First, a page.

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Tuesday, 23 February 2016

Our Top 5 Blog posts of 2015

Ranked by traffic to ourTorontotheBetter's Blog [with publication date bracketed]
1. Whose Sports? Our Sports [Announcement of TorontotheBetter's plan to build Canada's first Cruyff Court soccer facility in the North-West section of the City, near the Jane-Finch neighbbourhood. [Jan.26,2015]
2.. Direct Action Economics. Notice of screening of documentary film Can We Do it Ourselves?  [Oct.8,2015]
3. Transforming Lives at the Homeless World Cup (invitation to TorontotheBetter's screening of Homeless World Cup video [Sept.28,2015]
4. Building the Economy from the Ground Up - lead story from For a Better World Magazine (magazine available free from TorontotheBetter  [Feb.14,2015])
5.. A New Economics for the New Millennium: Review of Thomas Piketty's Capital in the 21st Century [May 8, 2015]

All these posts are searchable by title on our Blog and can be borrowed by request to postmaster@torontothebetter.net.

Sunday, 21 February 2016

WomanACT's Soul of a Warrior Awards: March 8, 2016

WomanAct says:

"Join us for a fun evening to celebrate International Women's Day, honour the recipients of WomanACT's Soul of a Warrior Awards who are transforming the lives of women and children in Toronto and to raise essential funds for the Woman Abuse Council of Toronto (WomanACT)."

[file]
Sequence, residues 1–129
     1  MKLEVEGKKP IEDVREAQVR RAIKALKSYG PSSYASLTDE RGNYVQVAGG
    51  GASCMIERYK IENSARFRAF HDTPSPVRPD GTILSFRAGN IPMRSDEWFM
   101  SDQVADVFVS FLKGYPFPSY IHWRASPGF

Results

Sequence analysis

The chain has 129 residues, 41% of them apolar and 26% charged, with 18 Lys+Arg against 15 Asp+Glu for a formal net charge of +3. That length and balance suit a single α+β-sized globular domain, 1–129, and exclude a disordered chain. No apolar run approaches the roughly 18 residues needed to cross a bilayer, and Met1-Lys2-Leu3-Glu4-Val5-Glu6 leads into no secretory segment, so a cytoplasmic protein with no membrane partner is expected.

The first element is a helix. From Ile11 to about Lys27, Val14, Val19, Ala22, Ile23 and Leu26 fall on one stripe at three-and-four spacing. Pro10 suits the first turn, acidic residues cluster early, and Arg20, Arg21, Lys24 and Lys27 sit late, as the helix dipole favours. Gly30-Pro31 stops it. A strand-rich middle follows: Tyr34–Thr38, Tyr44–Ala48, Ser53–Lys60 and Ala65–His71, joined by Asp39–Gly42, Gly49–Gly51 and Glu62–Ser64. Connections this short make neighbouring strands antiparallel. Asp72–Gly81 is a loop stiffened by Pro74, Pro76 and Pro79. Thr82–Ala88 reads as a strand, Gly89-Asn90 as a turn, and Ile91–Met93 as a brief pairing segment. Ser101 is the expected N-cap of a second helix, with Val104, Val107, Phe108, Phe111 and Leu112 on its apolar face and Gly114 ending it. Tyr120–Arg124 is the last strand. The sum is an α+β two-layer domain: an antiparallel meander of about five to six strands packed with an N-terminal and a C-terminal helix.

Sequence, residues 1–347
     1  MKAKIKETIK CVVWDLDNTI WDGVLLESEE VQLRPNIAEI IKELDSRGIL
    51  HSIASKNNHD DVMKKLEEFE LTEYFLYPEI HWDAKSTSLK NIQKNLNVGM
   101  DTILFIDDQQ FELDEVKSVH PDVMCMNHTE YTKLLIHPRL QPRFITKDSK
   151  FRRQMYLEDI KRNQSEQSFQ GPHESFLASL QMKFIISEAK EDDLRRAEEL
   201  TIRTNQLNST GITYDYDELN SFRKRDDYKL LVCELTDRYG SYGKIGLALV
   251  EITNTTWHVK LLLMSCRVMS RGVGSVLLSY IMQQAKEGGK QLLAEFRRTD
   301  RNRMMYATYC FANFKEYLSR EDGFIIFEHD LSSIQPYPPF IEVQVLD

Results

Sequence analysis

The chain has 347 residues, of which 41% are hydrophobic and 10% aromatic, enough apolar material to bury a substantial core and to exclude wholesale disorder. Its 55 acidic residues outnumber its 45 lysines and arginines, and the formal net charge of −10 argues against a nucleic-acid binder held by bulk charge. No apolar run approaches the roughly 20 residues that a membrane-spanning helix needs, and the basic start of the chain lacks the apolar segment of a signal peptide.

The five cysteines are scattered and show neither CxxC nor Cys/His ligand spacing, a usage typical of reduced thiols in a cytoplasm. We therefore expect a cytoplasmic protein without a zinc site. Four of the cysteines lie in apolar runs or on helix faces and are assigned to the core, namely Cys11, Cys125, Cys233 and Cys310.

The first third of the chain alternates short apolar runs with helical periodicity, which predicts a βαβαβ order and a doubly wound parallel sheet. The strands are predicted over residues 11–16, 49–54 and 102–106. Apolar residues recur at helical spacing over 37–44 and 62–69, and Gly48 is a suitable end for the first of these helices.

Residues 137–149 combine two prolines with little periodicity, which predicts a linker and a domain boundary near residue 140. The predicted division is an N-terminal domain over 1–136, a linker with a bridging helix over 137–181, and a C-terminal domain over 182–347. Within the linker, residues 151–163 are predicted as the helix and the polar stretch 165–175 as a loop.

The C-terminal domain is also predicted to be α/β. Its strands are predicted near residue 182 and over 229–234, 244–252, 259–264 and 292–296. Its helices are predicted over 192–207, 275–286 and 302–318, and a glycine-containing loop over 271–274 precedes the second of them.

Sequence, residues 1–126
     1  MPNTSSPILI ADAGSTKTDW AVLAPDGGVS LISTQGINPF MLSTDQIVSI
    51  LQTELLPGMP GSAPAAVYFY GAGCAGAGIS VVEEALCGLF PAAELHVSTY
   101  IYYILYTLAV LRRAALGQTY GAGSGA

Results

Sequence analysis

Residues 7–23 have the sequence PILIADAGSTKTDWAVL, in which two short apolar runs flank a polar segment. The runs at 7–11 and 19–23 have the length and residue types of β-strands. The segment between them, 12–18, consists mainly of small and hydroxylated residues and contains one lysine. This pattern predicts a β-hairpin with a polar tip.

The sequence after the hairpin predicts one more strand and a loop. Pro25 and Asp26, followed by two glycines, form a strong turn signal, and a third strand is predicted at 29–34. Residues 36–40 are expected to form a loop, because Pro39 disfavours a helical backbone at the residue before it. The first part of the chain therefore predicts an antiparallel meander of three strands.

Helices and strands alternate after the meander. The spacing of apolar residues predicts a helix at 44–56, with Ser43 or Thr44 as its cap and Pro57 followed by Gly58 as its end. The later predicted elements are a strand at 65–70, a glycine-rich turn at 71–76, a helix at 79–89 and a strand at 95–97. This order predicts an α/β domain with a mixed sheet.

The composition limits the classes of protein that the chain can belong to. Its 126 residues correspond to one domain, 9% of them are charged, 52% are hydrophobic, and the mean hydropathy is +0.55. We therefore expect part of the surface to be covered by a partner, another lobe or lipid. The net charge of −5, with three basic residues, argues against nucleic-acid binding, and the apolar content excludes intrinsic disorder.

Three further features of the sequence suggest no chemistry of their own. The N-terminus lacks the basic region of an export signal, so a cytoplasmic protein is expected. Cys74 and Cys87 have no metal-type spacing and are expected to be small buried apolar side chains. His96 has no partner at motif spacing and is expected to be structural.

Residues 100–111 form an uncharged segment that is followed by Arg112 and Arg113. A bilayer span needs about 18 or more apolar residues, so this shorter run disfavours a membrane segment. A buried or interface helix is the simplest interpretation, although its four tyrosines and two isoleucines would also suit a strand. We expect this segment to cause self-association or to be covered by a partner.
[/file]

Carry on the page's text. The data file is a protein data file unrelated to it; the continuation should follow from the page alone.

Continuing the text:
See the WomanAct's Soul of a Warrior Awards event page for details...

Monday, 15 February 2016

The Internet and the Social Economy Commons

In 2016 electronic information is a basic necessity of life, not a frill, and everybody needs access to it affordably and quickly. It can save lives and has done. Like the long dwindling. and multiply violated, commons of air and water the Internet now has a status as the world's largest commons, built as a public resource and available to all to utilise largely as they choose. The many without their own technology who crowd to public libraries for access are proof of the need. In principle, the Internet is a commons of need as well as capacity. This is not to ignore the various cultural and economic constraints that apply to it, what we may call the social determinants of  knowledge, but nonetheless the Internet, through the Web, is the closest thing we now have to the original commons, the medieval village green where all could freely gather and communicate. By his support for Bell Canada's appeal of a ruling in support for greater high-sped Internet access Mayor John Tory shows his true colours, perhaps, opting for corporate dominance. Lacking a public investment in high-speed Internet more actors are the best alternative for the many  without the financial capacity to fund their own high-speed access.  Kudos to Toronto City Council for rejecting Tory's position .  Time for broad commitment to support the Internet Commons as the growing Open Access movement has done. Let's make the Internet commons a truly social economy commons. For everybody.